What are we all so awkward about? Annalisa Dinnella explores this slippery emotion. Can she and a group of comedians outsmart awkwardness - and should they even be trying? Annalisa has 5% vision and regularly navigates the fog of other people’s awkwardness. Research from the disability charity Scope reveals that 67% of British people feel uncomfortable speaking to a disabled person. While Annalisa sees awkwardness as a daily - and sociologically fascinating - annoyance, she knows full well that the drip-drip effect of everyday awkwardness can be devastating. Annalisa speaks to comedian and theatre-maker Jess Thom who uses her Tourettes as inspiration for her performances. Together, they discuss the best ways to dissect and diffuse the awkwardness people feel about disability. Annalisa also meets Cariad Lloyd whose podcast, Griefcast, drills into the silences surrounding death and grief. Psychiatrist Raj Persaud explores the potential dangers of not voicing our awkwardness and comedian Bethany Black explains why getting our language right can make all the difference. Shouldering other people’s awkwardness is a fine art and daily habit for many of us, but is it healthy? Is it sustainable? Annalisa discovers what might happen if, rather than trying to run from awkwardness, we decide instead to turn around and embrace it.
Written and presented by Annalisa Dinnella
Produced by Alexandra Quinn
Executive Producer: Jo Rowntree
A Loftus Media production for BBC Radio 4
I Feel for You: Narcs and narcissists
At a time when we're being told we need more empathy, some experts claim that narcissism - empathy's evil twin - is on the rise. Narcissism has vaulted off the psychotherapist’s couch, sprinted away from the psychiatric ward, and is now squatting in the mainstream of popular conversation. Social media seems obsessed with "narcs", and with detecting narcissism personality disorder in people. It may or may not be a coincidence that we ended up with an apparent world-class narcissist in the White House at just the time when we seemed to be undergoing a public crisis about narcissism and narcissists. Blogs and books about narcissists are everywhere. Jolyon Jenkins talks to people who make a living from advising the public about narcissists, and a self-confessed celebrity narcissist who offers consultations to people who think they may be living with one of "his kind". The evidence that there really is more narcissism around seems thin, but that doesn't mean to say that we shouldn't take it seriously when it flips into a personality disorder.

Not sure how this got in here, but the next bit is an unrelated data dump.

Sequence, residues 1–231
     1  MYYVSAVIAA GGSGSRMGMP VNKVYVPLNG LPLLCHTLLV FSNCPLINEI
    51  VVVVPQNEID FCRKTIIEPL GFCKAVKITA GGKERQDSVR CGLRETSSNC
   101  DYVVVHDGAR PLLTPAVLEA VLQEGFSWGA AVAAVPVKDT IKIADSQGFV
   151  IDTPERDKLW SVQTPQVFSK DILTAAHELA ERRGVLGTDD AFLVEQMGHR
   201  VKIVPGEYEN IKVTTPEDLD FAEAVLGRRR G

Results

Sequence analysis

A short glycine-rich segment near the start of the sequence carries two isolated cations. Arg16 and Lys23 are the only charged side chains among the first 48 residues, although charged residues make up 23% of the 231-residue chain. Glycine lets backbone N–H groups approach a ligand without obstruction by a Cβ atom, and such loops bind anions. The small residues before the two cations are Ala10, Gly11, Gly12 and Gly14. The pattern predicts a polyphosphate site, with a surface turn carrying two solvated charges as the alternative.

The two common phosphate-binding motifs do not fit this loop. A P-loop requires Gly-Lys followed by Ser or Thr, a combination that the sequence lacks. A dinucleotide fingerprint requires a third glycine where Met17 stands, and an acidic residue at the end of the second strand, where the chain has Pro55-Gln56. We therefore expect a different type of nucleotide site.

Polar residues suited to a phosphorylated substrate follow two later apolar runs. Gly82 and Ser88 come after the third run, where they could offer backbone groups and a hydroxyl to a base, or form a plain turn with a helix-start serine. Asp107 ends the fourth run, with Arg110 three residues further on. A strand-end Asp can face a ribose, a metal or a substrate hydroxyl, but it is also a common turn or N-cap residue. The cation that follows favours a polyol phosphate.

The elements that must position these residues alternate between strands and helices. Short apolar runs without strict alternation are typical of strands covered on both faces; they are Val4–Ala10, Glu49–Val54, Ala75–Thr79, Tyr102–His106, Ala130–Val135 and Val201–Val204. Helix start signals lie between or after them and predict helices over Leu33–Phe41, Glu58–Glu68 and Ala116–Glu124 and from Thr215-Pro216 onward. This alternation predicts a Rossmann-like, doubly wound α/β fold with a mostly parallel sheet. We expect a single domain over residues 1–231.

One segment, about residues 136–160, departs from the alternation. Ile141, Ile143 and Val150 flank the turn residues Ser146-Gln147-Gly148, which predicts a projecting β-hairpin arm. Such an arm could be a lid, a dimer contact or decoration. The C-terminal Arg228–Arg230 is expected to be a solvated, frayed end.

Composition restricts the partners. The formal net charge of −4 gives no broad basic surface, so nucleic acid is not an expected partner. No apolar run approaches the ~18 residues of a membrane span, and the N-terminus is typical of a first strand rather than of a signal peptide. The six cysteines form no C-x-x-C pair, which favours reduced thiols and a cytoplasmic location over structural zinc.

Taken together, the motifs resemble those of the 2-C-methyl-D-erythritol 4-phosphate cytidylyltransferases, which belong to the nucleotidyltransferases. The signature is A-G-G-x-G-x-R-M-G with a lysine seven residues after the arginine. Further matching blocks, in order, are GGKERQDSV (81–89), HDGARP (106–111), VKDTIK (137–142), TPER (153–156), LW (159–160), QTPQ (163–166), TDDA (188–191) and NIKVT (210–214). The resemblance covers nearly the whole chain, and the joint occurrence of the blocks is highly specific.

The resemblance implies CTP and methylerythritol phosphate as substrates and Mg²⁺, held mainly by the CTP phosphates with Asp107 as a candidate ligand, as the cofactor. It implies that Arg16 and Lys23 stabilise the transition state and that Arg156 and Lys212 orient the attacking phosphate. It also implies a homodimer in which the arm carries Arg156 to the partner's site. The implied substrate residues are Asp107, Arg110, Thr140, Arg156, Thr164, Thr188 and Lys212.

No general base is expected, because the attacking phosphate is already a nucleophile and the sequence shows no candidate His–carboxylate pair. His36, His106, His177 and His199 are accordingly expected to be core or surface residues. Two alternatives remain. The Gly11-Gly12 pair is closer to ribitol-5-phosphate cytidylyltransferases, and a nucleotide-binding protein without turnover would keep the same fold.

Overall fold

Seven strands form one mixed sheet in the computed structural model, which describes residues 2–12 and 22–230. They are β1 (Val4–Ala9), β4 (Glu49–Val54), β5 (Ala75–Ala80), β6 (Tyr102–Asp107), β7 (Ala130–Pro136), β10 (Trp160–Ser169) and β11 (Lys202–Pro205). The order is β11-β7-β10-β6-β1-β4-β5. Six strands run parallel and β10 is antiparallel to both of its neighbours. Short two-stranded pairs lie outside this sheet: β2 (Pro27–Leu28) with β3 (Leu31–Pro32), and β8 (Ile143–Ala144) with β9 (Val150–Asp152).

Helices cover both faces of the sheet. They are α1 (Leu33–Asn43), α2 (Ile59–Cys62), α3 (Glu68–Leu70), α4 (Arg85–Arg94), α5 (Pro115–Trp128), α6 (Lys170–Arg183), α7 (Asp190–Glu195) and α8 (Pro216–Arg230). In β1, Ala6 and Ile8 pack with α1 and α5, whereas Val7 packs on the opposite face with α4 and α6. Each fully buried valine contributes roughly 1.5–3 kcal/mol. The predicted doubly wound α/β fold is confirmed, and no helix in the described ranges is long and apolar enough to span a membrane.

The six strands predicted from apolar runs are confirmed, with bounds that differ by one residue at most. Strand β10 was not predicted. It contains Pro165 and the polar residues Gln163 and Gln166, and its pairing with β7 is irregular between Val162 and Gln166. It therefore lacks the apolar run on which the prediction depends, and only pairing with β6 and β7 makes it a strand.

Producer/presenter: Jolyon Jenkins
I Feel for You: Empaths and empathy
Empathy is the psycho-political buzzword of the day. President Obama said - frequently - that America's empathy deficit was more important than the Federal deficit. Bill Clinton said "I feel your pain", and Hillary urged us all "to see the world through our neighbour’s eyes, to imagine what it is like to walk in their shoes". Many people have taken up the idea of empathy with gusto, and the United Nations has poured money into virtual reality films that led us allegedly experience the world of, for example, a Syrian refugee. As we seem to be driving ourselves ever deeper into silos of mutual incomprehension, the idea of taking another person's perspective seems an obviously useful one. But what's the evidence that feeling someone else's pain, or even understanding it, actually does any good? Jolyon Jenkins speaks to one self-described intuitive empath, who says she can sense the feelings of strangers in a room or even in the street. She describes it as both a gift and a curse. For the rest of us, is there not a danger that, having felt a brief emotional engagement, we move on, our fundamental attitudes and beliefs unchanged?
Producer/presenter: Jolyon Jenkins
Behind the Scenes: Marianela Nunez at Covent Garden
As she prepares to perform two roles in a new production of the classic "White ballet", La Bayadere, the Royal Ballet's charismatic Argentinian-born principal dancer, Marianela Nunez shares her life behind the scenes. Marianela Nunez is considered one of the greatest ballerinas in the world, combining passion and flare from her Argentinian background with discipline and experience from her many years with the Royal Ballet. As she celebrates 20 years dancing with the company, she takes Radio Four's Beaty Rubens behind the scenes, sharing what it means to be a Principal Dancer today. The programme focuses on her preparations to dance the two key roles in the much-loved classic, La Bayadere - the temple dancer Nikiya and the princess Gamzatti. It reveals glimpses of her at home in her native Buenos Aires over the summer, follows her as she travels into work, attends specially - designed Pilates classes and studio rehearsals with the great Russian ballerina Natalia Makarova (who recreated Marius Petipa's 1877 Indian Classic for a contemporary audience in 1989) and culminates with her triumphant opening night, leaving her in her dressing room with her feet in a bucket of ice and surrounded by vast bouquets of pink roses. Beaty Rubens also hears from Natalia Makarova, the Royal Ballet's Kevin O'Hare and the leading Russian dancer who partners Marianela, Vadim Muntagirov. Now at the very top of her game, Marinanela Nunez is also a wonderfully charismatic individual, whose love of dance and enthusiasm for life in the Royal Ballet effervesces in this lively depiction of a true artist.
Producer: Beaty Rubens ,
The Case of Charles Dexter Ward - Episode One
From H.P. Lovecraft: The investigation into a mysterious disappearance.